Combier Croze-Hermitage Clos des Grives 2019

SKU
COCH201911 UCAU
The Combier family first moved from the Ardèche to the Rhône in 1936 when Camille Combier bought three hectares of vines in the Crozes-Hermitage appellation , and sold his wine to the Tain l'Hermitage co-operative. The domaine is now run by Laurent Combier, a very practical, open minded winemaker, who produces a lush, exuberant and rich style of wine. He believes that in order to make a great wine, he must allow nature to dictate his work in the vineyards, and bases his decisions on the soils, the living organisms and the lunar calendar. His 13 hectares of vineyards, situated on the ‘Les Chassis’ plateau are farmed organically. The modern winery, built in 1990, is situated between Tain l’Hermitage and Pont de l’Isère. If you love pure, unadulterated, concentrated Syrah, look no further!
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  • Certified Organic
  • Produced from a 9 ½ hectare Clos
  • The oldest 4 hectares of the Clos are planted with vines that date back to 1952
  • Single Bottle
    $120.00
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Details

Tasting Profile

  • Light (Light)
    Full (Full)
  • Low Tannin (Low Tannin)
    Tannic (Tannic)
  • Sweet (Sweet)
    Dry (Dry)
  • Low Acidity (Low Acidity)
    High Acidity (High Acidity)
  • Aroma
    • Blackberry
    • Blueberry
    • White Pepper
  • Palate
    • Blackberry
    • Pepper
    • Tobacco

Food Pairings

  • Game
  • Poultry
  • Red Meat

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Locations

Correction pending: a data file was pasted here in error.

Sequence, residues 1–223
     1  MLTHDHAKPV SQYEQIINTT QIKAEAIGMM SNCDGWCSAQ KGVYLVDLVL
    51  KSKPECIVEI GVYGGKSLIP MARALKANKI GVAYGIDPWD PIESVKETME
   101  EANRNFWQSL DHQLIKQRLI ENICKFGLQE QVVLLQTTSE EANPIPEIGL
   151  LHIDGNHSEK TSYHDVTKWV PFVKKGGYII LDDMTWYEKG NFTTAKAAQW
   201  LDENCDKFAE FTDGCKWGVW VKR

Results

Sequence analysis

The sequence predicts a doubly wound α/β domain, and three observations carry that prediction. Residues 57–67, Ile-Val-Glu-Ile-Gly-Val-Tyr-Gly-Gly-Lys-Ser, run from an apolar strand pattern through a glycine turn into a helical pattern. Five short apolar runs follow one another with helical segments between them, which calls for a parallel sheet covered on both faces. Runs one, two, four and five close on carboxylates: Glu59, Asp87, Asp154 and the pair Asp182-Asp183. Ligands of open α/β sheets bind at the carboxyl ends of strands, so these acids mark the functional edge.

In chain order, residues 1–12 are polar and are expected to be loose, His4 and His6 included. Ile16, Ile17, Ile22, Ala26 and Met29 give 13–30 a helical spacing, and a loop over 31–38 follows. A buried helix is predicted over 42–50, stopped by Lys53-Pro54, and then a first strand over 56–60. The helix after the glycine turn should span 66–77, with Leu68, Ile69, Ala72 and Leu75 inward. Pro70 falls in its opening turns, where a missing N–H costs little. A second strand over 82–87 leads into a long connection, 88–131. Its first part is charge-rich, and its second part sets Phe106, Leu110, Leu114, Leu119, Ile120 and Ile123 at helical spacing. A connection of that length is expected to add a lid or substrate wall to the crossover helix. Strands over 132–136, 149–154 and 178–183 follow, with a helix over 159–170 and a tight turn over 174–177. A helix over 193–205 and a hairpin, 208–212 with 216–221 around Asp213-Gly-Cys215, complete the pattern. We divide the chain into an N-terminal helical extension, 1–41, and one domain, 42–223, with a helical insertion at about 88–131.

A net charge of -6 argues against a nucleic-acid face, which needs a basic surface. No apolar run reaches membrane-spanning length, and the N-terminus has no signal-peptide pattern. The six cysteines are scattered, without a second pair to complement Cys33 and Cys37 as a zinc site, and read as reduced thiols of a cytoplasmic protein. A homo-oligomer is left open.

France

Wine is being produced throughout France and has been done for over 2,500 years with certain Châteaux dating their history back to Roman times, around 6th Century BC. Ranking second in the world in per-capita consumption and first in total production quantity. More so than the overall quantity of wine is the quantity of truly great wines coming out of France makes the nation the envy of wine-making nations worldwide.

Two concepts pivotal to the higher end French wines, in particular, are the idea of 'terroir' and the Appellation d'Origine Contrôlée (AOC) system. Terroir refers to the way the geography, geology and climate find their way into the glass, telling a story of the origin of the wine. The AOC was set up in 1935 and has the primary goal of protecting the authenticity of the wines and the livelihoods of the producers. Appellation rules strictly define which varieties of grapes and winemaking practices are approved for classification in each of France's several hundred geographically defined appellations, which can cover entire regions, individual villages or in some cases, like in Burgundy even specific vineyards.

Classic wine regions in France include Champagne (home of Champagne), Burgundy (Pinot Noir and Chardonnay), Bordeaux (Cabernet Sauvignon, Merlot, Malbec, Petit Verdot), Alsace (Aromatic varietals), Loire Valley (Chenin Blanc, Crémant) and the Rhône Valley (Syrah, Grenache Mourvedre)

The Bordeaux classification of 1855 is still in use, as is the Sauternes and Barsac Classification of the same year. Wines from certain regions can be bought En Primeur, which is when the wine is sold prior to it being bottled.

Rhone Valley